Tag Archives: la révolution française

“Let them eat cake”

I thought it was best to put this rant in one convenient place to be linked in the future. You’re welcome!

Marie Antoinette was many things and not always blameless, but she never said, “Let them eat cake” (“Qu’ils mangent de la brioche”). I can. not. abide when people say that she did.

The saying originated (in print) with Jean Jacques Rousseau in Les Confessions [handy Google books link to the page here] as something once said by a “great Princess.” Some think he was quoting Marie Thérèse (queen to Louis XIV), but my gut tells me that that’s as much a myth as attributing it to Marie Antoinette.

Marie Antoinette and her dresses and pearls were not to blame for France’s ills – you can thank decades of nonstop war waged by Louises XIV and XV for that – but Antoinette was a woman and a foreigner, hated by the French, and all that made her an easy target.


Lafayette Overture

Been reading a lot about the Marquis de Lafayette lately. I choose strange forms of escapism.

Overall, in all the biographies, articles, and treatises on the man, one fact stands clear: historians can. not. stand. him. He’s a problematic character in any story, and people just don’t know where to put him. Lately, they either dismiss him as unimportant or leave him out altogether.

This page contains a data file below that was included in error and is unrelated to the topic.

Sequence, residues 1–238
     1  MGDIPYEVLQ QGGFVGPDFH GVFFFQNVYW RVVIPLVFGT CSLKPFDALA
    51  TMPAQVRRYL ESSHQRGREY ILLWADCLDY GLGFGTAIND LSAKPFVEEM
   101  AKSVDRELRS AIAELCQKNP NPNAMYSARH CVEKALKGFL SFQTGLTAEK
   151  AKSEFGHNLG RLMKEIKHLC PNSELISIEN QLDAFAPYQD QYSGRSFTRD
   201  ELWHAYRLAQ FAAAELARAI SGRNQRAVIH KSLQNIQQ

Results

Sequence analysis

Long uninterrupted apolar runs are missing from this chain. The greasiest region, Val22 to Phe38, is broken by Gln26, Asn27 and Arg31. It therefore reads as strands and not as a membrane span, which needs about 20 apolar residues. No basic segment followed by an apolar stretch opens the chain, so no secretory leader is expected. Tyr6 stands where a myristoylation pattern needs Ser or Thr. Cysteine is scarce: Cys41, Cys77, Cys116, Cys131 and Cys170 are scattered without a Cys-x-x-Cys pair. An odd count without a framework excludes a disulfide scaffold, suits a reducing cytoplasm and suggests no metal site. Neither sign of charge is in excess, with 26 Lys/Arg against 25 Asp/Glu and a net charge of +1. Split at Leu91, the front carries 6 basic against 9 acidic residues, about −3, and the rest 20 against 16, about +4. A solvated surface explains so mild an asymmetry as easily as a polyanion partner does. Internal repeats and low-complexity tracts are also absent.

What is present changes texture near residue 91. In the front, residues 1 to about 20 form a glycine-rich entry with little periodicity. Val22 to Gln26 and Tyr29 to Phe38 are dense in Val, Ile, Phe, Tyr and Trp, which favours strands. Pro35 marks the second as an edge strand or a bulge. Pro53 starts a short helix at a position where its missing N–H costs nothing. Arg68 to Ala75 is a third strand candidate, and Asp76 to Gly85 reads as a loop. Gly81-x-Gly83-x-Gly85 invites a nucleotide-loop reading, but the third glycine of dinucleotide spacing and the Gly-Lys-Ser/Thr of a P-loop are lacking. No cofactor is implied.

This is a shame because he really was such a catalyst. From age 19 until he died at age 76, he started a lot of trouble and inspired others to cause exponentially more than he himself managed to do. He was right in the thick of the American Revolution, the French Revolution, and most of the successive changes of French government from Napoleon on. Whether or not people think he was important, it cannot be argued that he was at least supremely interesting.

If there ever was such a thing, he would definitely be in the running for Patron Saint of Broken-Hearted Idealists everywhere. That I can definitely identify with right now, which is probably why I’m reading so much about him.

There’ll be more here. It’s hard to know what to say. He’s not an easy character to pin down.

“Does this pike make me look fat?”

Kate Beaton’s done a series of strips on the French Revolution. As usual, they are glorious and Wrong.

And, yes, TJ. That Revolution was super creepy.